Mini Friday PhotoEssay

I think this is the first offical Friday PhotoEssay of the year! Of course, you’ve been seeing a bunch of construction pictures, but I think it’s high time we moved on to plants, don’t you?

This is a bit of a “mini” photoessay because I’ve only got 3 pictures to share, and they are all of baby plants – seedlings. All of the seedlings I planted last week have germinated, so I thought we’d take a look since they aren’t your common, everyday seedlings.

This is the Thunbergia (aka Black-Eyed Susan Vine). Those big seed leaves look kind of chlorotic with the dark green veins and pale yellow areas between veins. However,  want to get some true leaves growing before I start with any fertilizer. You can see those first true leaves starting to unfurl. Since this is a vine, it is going to get rather gangly rather quickly. That will be a challenge with the lights!

This is the Thai Red Roselle seedling. It has its first true leaf already and while it isn’t red yet, you can see that tinge of red in the leaf petioles (stems) and starting into the veins of that true leaf.

This is the Jicama. If it looks a little bit like a pole bean, well there’s a good reason for that. Jicama is a member of the Legume family (the same as peas, beans, vetch, etc). Theoretically that would mean that it fixes a little bit of nitrogen from the air like other legumes, right? The seed packet does specifically say that it does not like too much nitrogen. I wonder….

After a quick internet search, it would appear that jicama does have the ability to fix nitrogen like other legumes. That ability results in a tuber that has more nitrogen than other edible tubers, theoretically making it more nutritious. I found a couple sources citing it as being more nutritious because of the nitrogen…I wonder if they are equating more nitrogen to higher protein? Nitrogen is an important building block in proteins.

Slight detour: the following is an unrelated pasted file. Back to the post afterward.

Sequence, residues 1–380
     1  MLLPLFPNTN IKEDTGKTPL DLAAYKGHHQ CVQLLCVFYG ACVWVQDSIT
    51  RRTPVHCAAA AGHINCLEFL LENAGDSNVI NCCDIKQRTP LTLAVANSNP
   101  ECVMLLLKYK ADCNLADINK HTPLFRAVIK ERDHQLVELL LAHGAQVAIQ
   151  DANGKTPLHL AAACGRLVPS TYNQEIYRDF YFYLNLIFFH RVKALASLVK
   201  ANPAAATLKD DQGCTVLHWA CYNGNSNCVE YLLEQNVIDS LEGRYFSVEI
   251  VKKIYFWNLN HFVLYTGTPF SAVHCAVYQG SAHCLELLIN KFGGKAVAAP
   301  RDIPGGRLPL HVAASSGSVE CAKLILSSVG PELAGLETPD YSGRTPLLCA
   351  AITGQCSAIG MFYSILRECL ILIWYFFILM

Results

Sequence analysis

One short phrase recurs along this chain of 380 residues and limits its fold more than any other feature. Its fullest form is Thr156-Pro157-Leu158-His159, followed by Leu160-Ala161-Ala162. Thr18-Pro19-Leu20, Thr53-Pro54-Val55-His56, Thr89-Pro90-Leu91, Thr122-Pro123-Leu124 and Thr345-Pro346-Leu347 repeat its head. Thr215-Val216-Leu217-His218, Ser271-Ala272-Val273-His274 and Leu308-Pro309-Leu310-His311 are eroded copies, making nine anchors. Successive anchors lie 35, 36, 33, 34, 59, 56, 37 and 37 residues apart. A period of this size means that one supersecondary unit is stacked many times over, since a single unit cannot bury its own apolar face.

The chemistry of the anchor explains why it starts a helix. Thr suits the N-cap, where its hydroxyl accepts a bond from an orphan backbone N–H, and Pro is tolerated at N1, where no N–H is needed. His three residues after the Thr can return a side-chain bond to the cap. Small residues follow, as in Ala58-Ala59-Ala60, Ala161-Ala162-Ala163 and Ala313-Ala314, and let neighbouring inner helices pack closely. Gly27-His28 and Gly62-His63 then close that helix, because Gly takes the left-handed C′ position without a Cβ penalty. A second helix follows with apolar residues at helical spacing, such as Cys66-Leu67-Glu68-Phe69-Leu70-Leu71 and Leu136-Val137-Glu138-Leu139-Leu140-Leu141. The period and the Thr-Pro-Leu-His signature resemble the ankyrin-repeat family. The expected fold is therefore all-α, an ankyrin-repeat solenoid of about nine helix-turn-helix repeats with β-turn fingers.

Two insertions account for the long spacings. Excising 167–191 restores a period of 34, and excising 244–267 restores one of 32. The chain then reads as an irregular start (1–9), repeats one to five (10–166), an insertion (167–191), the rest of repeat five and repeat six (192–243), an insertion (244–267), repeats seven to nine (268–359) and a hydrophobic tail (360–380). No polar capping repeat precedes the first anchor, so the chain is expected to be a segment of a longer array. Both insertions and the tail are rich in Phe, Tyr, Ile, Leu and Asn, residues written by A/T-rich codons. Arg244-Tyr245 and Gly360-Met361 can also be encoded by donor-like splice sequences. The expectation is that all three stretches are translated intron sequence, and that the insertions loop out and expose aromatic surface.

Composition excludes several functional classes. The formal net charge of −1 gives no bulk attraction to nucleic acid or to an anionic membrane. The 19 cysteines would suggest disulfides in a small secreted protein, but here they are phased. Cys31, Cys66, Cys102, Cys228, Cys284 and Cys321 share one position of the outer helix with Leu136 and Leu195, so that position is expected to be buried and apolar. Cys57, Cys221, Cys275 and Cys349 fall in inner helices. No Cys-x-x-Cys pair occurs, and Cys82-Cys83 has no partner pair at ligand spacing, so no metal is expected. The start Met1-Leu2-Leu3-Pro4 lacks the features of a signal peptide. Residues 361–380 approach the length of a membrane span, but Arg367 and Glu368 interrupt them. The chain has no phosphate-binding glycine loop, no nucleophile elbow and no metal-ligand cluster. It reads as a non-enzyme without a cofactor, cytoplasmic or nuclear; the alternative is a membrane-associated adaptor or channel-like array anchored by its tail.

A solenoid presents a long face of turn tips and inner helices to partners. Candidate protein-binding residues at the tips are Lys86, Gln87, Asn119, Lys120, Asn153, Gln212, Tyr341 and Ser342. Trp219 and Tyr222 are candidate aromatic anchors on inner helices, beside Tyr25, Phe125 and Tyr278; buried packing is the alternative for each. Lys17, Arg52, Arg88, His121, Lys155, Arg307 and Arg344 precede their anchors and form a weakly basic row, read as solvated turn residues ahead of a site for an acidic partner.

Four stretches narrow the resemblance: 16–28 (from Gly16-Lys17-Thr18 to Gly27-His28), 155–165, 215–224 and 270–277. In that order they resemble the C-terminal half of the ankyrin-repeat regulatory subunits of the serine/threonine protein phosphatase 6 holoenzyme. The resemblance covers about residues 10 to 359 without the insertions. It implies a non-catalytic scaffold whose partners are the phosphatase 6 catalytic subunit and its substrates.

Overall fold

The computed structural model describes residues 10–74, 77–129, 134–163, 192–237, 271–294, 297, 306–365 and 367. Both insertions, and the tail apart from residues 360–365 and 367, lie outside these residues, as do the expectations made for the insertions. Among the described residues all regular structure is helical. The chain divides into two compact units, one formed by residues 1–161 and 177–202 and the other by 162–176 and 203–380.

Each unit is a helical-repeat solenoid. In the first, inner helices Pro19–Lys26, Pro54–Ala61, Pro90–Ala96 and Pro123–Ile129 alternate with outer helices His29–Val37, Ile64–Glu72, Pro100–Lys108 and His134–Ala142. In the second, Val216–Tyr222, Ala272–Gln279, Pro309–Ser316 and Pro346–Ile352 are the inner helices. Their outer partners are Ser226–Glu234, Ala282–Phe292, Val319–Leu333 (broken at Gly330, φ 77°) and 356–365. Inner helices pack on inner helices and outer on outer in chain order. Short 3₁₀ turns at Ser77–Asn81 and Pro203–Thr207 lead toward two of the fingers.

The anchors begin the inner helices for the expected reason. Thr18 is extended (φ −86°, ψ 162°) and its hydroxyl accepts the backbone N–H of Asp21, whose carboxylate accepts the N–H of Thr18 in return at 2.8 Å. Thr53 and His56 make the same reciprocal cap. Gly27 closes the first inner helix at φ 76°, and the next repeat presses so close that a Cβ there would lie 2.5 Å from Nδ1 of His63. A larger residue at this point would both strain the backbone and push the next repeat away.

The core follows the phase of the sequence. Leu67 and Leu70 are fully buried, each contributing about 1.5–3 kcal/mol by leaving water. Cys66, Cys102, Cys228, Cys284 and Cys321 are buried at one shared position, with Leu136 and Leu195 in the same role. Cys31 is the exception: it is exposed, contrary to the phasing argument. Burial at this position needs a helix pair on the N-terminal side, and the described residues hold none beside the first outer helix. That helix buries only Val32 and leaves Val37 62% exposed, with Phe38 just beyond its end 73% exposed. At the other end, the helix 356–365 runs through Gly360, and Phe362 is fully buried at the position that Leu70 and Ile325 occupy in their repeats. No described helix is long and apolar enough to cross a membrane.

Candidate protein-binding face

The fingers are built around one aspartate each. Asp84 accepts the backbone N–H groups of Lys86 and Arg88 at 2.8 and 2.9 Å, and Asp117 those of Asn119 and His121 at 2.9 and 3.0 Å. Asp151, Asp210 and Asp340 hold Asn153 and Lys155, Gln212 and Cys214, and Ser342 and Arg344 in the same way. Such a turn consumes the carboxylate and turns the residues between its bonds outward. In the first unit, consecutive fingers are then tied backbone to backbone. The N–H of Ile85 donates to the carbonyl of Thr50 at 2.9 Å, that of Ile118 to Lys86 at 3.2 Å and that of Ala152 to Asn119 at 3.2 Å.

So, even if we don’t get a great yield from our jicama plants this year, we should get some nitrogen for our new garden soil out of the deal!

About Rebecca

I'm a Horticulture Educator with Sedgwick County Extension, a branch of K-State Research and Extension, located in Wichita, KS. I teach about fruits, vegetables, and herbs.

Posted on April 6, 2012, in PhotoEssays and tagged , , , , . Bookmark the permalink. 4 Comments.

  1. My Thai Reds are a little bigger than that, and they’re already a very rusty green (if that makes any sense). I don’t have any jicama or black-eyed Susan vine, but I think I make up for that in the eccentricity department with cardoon and borage and Lebanese squash and bitter melon and yard-long beans and…

    This is why I’m gardening out front this year, so I have room for the normal green beans and tomatoes and stuff.

    • I bet ours will be that rusty green color in another few days as they age. Where did you get your seeds? That might make a difference too. I think you’re doing well in the eccentricity department! I’m excited to see our Litchi Tomato when it gets growing.

      • Southern Exposure, last year (those died, but five of the six seeds I planted germinated this year).

      • Er, wait, that sounds like last year’s planting sprouted. I ordered the seeds last year. I planted all but eight last year. All those seedlings died. Of the remaining eight, I planted six this year, five have sprouted. There, that’s clearer.

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